A Creative Barista Devises Method for Pouring Rainbow Foam Lattes 

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Over the last few days Las Vegas-based barista Mason Salisbury has been surprising some of his customers by pouring a regular looking latte or cappuccino that suddenly ends with a flourish of foamy color. The technicolor beverages resemble the patterns from tie dye t-shirts and are fully edible, though exactly what happens to your insides afterward is still TBD. You can watch Salisbury pour a few of the drinks in videos below and see more on Instagram. (via My Modern Met)

A video posted by Mason Salisbury (@ibrewcoffee) on

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A video posted by Mason Salisbury (@ibrewcoffee) on

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A video posted by Mason Salisbury (@ibrewcoffee) on

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A Reclaimed Wood Installation Sourced From the San Francisco Dump by Barbara Holmes 

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“Untitled, No. 5” (2012), reclaimed lath installation at 1045 Mission St. San Francisco CA. All images via Barbara Holmes

Barbara Holmes' installation Untitled, No. 5 is a site-specific example of one woman’s trash is another one’s treasure. The spiraling wooden work that was installed at 1045 Mission St. was completely sourced from the city’s own dump, turning thrown away limber into a kaleidoscopic work that spanned both the length and height of the gallery space.

Using sourced and reclaimed materials is at the heart of Holmes’ practice, carefully transforming the untidy elements into aesthetically crafted pieces. “At first glance my work my appear oddly familiar or utilitarian,” says Holmes in her artist statement, “but on closer inspection of the materials and their re-contextualization, the viewer may need to reconsider initial ideas as they discover more layers of meaning.”

This spring Holmes had a solo exhibition titled “Reclamation” at the SaddleCack College Art Gallery in Mission Viejo. You can see more of her recycled works on her website. (via Dark Silence in Suburbia)

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Photos of Monumental Waves Crashing in Australia by Warren Keelan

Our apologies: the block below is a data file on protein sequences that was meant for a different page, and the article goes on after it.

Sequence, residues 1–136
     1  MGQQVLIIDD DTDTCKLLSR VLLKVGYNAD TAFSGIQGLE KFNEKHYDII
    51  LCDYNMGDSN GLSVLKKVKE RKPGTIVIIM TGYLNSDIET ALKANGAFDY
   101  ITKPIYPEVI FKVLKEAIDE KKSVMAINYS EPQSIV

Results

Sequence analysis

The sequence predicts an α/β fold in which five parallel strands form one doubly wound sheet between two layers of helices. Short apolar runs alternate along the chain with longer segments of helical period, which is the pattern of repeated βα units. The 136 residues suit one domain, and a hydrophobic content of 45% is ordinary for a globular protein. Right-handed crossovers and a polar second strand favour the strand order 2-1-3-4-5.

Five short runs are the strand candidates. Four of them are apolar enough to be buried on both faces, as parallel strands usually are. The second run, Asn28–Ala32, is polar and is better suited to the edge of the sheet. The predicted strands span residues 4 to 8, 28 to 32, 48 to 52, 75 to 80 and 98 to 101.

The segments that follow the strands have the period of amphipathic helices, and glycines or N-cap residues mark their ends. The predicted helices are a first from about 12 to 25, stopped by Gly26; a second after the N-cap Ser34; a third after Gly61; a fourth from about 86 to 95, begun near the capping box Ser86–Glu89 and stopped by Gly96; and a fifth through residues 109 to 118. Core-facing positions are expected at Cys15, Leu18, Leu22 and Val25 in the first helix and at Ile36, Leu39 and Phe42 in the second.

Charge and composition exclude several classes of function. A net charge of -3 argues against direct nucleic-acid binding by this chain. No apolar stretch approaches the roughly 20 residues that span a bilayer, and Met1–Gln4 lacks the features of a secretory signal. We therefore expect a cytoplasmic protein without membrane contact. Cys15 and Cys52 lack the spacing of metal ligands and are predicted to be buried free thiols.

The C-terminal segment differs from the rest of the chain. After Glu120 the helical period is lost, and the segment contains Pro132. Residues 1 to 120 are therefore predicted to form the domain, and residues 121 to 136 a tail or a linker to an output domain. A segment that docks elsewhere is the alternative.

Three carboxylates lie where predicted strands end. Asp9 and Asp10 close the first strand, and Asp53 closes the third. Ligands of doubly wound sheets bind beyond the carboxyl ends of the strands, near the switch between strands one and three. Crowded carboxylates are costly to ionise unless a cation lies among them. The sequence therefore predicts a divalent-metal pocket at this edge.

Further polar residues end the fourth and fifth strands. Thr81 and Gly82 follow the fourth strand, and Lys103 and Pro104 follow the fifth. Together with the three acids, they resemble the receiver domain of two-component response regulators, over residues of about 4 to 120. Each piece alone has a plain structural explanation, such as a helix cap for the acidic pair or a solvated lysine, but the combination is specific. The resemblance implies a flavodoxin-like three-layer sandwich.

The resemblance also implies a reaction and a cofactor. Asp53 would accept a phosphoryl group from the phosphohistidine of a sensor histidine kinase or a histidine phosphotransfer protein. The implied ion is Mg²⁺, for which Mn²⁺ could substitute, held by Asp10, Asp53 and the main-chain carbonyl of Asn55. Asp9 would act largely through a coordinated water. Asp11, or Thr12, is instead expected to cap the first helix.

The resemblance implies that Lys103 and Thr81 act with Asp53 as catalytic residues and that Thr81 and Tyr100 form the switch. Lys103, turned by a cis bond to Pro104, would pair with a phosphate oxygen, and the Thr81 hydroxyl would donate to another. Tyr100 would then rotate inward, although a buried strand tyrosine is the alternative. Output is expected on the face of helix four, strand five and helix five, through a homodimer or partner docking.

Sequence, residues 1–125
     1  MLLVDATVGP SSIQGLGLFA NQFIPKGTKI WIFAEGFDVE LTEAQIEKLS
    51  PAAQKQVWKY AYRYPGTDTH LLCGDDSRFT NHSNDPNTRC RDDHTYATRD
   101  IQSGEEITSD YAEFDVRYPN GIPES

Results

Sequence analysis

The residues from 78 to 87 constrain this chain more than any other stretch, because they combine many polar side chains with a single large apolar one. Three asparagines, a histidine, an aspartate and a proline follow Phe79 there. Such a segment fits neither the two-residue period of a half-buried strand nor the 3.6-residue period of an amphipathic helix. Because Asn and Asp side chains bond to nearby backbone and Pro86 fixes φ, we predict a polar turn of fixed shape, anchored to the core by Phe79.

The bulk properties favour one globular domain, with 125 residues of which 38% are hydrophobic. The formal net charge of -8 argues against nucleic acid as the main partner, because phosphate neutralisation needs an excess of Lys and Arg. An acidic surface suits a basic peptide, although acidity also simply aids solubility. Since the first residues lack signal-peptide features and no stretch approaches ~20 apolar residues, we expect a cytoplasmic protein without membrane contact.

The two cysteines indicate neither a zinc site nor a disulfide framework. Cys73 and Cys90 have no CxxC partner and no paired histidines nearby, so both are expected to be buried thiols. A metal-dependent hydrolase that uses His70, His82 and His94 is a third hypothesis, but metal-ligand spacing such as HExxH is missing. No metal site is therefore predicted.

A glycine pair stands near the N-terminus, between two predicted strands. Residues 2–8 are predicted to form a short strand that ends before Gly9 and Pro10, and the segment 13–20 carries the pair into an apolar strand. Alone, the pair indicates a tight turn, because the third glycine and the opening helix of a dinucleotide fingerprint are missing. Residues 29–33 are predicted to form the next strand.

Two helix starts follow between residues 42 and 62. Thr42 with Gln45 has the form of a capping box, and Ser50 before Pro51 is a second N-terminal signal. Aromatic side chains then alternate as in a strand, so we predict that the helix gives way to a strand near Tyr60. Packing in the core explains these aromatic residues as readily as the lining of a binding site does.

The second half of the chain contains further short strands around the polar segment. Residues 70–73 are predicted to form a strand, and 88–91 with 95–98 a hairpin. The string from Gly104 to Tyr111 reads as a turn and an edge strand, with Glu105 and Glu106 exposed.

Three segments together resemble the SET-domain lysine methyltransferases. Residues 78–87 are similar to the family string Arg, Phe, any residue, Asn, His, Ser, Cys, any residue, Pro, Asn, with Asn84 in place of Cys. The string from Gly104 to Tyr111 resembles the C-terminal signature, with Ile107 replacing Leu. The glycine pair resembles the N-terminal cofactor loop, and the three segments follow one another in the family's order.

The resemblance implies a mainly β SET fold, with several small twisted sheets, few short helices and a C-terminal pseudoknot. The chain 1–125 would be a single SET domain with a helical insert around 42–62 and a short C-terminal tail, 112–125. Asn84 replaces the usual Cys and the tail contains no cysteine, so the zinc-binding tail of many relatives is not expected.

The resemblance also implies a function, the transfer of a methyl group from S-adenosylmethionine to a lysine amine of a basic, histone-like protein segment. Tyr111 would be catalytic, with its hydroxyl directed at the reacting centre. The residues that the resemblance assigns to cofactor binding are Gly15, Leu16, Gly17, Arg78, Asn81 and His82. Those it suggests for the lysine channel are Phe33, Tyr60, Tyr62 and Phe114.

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Trying to capture a medium that’s in a constant state of flux would seem stressful in any situation, but photographer Warren Keelan works comfortably in a wetsuit amongst crashing waves on the South Coast of New South Wales, Australia, always trying for the perfect shot. Whether working completely submerged or perched precariously on the cusp of a behemoth swell, he’s consistently able to find the right angle and lighting to highlight the monumental power of the constantly moving ocean. He shares about his process:

I’ve always had a fascination with nature, especially the ocean and its ever changing forms, and I am compelled to capture and share what I feel are special and unique moments in the sea. I love the raw, unpredictable nature of water in motion and the way sunlight brings it all to life, from both above and below the surface. For me, the challenge is creating an image that hopefully tells a story or leaves an impression on the viewer.

Keelan has a gallery in his hometown of Wollongong, Australia, and many of his photos are avilable as prints online. You can also follow him on Instagram. (via This Isn’t Happiness)

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Striking Aerial Photos of Hong Kong Shrouded in Fog by Andy Yeung 

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All photos © Andy Yeung.

For his latest photo series Urban Fog, photographer Andy Yeung launched a DJI Phantom 3 from Victoria Harbor in Hong Kong to capture the city at night while covered in mist. Yeung said he was inspired by a similar project of the city photographed during the day, and was intrigued to see how he could present the city lights at night as they illuminated the fog. The photos are remarkable for their likeness to a thunderstorm with the cool lights of the city glowing inside the fog like flashes of lightning. You can see more of Yeung’s work on his website. (via Designboom)

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New Oil-Based Cityscapes Set at Dawn and Dusk by Jeremy Mann 

"NYC #19, oil on panel, 30 x 30 inches, all images via Jeremy Mann

“NYC #19, oil on panel, 30 x 30 inches, all images via Jeremy Mann

Jeremy Mann (previously here and here) paints cityscapes set during the low-lit moments of the early morning or evening, just when natural light has begun to creep in or fade from a city’s car-lined streets. Using oil paints, Mann applies and wipes away areas of the canvas to recreate these hazy environments, adding layers of paint back on top of the slightly smeared works with more detailed strokes. This layered effects makes the works appear like double exposed images, two scenes gently blurring into one.

Mann’s work will be featured in an upcoming June 3 exhibition at John Pence Gallery in San Francisco which will run through July 9, 2016. You can view more of his cityscapes on his Instagram and Facebook.

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“Market St., Midnight” (2016), oil on panel, 36 x 36 inches

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“The Geary St. Storm” (2016), oil on panel, 48 x 48 inches

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“Cityscape – Composed Form Study 13,” oil on panel, 6 x 6 in.

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“NYC #20,” oil on panel, 48 x 48 inches.

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“NYC #22,” oil on panel, 36 x 36 inches

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“Morning Downpour on Market Street” (2016), oil on panel, 25 x 25 inches

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